Statutes of Repose: Eroding Protection Against Older Products

Statutes of repose terminate a manufacturer's liability for defective products -- including toys, medical devices, elevators, farm machinery, appliances, freight trains, trucks, nuclear power plant parts, and factory equipment -- after a statutorily specified number of years. A person injured after the cut-off date has no recourse to hold the manufacturer of the defective product accountable. Cutting off liability after a designated number of years is both arbitrary and unfair. Consider the example of two people suffering the same injury from the same product. If one of the victims was injured just before the statute of repose went into effect and one was injured just after, only the person injured before the statute of repose went into effect could collect from the defective product's manufacturer. Ending a manufacturer's liability while that product is still on the market is unfair to those injured after the statute of repose goes into effect.

There are three major problems with statutes of repose:

1. Statutes of repose act as a disincentive to manufacturers to publicize and fix defective older products that are still in use. Continued liability serves as an incentive for companies to locate and fix product defects. When a jurisdiction has implemented a statute of repose, however, this incentive disappears. It then becomes more cost effective for corporations to hide product defects when they are discovered near the end of their potential liability than to publicize and/or fix them. This is turn results in more injured consumers who have no chance at recovery, even for lost wages and medical costs.

2. Statutes of repose disproportionately affect low-income Americans. Since statutes of repose limit liability based on time in the marketplace, they will disproportionately harm those people who cannot afford to buy new products. Consumer protections should effect all income levels equally; statutes that disproportionately effect the low-income are particularly egregious.

3. Statutes of repose skate on thin constitutional ice. A strong argument can be made that statutes of repose are unconstitutional under several Constitutional provisions, most notably the Equal Protection and Due Process clauses. Because these statutes distinguish people who are injured by defective products from people hurt through other forms of tortious conduct, such as medical malpractice and general negligence, courts may well determine that there is no rational reason for making this determination and find that these statutes are unconstitutional. An additional argument can be made that statutes of repose violate the constitutional right to a jury trial. People injured by long-term products have just as much right to sue as people injured by short-term products and should have the same access to the courts.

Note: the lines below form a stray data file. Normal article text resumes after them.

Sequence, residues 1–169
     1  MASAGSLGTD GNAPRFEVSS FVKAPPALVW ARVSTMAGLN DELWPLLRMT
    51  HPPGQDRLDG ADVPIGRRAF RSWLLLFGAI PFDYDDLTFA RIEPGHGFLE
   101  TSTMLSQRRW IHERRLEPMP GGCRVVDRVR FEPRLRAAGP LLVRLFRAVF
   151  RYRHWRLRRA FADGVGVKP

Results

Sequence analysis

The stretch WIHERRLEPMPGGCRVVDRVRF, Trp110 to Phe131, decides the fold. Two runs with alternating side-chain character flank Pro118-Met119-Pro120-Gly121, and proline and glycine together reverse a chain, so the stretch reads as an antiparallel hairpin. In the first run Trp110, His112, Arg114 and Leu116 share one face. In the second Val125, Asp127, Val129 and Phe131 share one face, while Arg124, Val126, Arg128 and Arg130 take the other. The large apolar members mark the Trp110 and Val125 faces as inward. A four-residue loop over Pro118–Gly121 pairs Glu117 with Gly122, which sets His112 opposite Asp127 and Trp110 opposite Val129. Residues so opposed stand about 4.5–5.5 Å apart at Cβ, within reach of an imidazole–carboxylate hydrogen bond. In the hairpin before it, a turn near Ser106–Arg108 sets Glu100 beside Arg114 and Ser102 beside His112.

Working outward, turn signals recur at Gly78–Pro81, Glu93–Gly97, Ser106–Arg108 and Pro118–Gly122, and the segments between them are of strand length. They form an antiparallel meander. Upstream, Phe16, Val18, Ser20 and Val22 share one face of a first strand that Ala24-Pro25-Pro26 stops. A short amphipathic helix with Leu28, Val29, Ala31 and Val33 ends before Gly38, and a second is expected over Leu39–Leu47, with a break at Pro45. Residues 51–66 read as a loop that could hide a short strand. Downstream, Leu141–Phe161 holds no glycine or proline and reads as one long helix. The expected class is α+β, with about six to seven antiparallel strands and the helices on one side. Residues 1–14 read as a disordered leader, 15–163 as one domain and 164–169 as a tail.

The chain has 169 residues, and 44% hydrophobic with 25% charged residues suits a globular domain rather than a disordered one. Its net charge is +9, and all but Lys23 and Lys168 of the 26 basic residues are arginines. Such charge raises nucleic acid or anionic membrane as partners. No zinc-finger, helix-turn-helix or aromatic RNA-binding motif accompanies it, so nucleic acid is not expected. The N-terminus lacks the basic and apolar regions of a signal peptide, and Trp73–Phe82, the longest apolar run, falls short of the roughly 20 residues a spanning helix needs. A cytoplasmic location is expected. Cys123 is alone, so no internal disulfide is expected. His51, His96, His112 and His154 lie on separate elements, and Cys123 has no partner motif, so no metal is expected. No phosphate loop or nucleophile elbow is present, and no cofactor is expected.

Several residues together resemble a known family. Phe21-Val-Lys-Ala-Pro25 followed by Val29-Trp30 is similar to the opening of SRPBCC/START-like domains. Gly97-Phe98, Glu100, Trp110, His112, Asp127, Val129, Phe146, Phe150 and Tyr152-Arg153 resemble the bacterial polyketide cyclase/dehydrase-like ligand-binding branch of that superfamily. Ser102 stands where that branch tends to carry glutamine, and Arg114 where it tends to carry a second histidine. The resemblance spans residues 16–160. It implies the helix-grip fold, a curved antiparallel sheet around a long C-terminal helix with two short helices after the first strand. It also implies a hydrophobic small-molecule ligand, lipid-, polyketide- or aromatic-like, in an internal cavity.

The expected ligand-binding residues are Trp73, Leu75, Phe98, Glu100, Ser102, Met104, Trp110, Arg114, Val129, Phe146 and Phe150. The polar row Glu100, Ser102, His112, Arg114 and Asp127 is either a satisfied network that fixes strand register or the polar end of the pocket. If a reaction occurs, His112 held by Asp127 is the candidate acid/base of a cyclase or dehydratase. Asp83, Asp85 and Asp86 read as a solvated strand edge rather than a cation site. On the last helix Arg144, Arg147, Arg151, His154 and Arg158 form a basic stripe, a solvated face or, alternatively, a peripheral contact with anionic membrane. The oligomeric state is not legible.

Tort "reformers" claim that statutes of repose are needed for three reasons: the statute will help to curb the "litigation explosion" in the United States, will address the "unfairness" of unending litigation, and will reduce insurance rates. None of these claims are accurate.

  • There is no litigation explosion in the United States. In 1995, the National Center for State Courts and the Bureau of Justice Statistics of the United States Department of Justice released the findings of a collaborative 30-month study of state court civil jury trials. Their reports found that in 1992 product liability cases represented only about 3% of all civil jury trials. Only 3% of these cases were ever heard by a jury. In addition, damage awards in these cases are generally small, and the trend has been to smaller, not larger awards. An extensive U.S. General Accounting Office study of product liability verdicts concluded that the size of damage awards generally correlated to the severity of the injury suffered and the amount of actual economic loss.
  • Statutes of repose are unfair to consumers. As long as manufacturers sell products with the expectation that they will be in use longer than the statute of repose, the unfairness would be to limit their liability for defective products. Manufacturers would like to have it both ways: they do not want to be responsible for defects in older products, but they also will not tell consumers that their products are so unsafe that the manufacturers will not be responsible for defects after a specified number of years.
  • There is no evidence that insurance rates would fall. While the assertion that lowered litigation rates will help lower insurance rates sounds plausible, there is no proof that this would actually occur. First, according to a Consumer Federation of America report, liability premiums only cost businesses 11 cents for every $100 of retail sales in 1996. With costs already low, it is unlikely they will drop further. Second, since the percentage of products liability cases that deal with products older than a statute of repose is very small, insurers are unlikely to lower rates. Third, even if product liability suits decreased substantially, there is no evidence that insurers would correspondingly lower their rates. It is highly unlikely that insurance companies will lower their profit margin without being forced to do so.

Statutes of repose leave injured consumers completely without redress. In order to protect people injured by older products, keep statutes of repose from limiting liability on the basis of product age.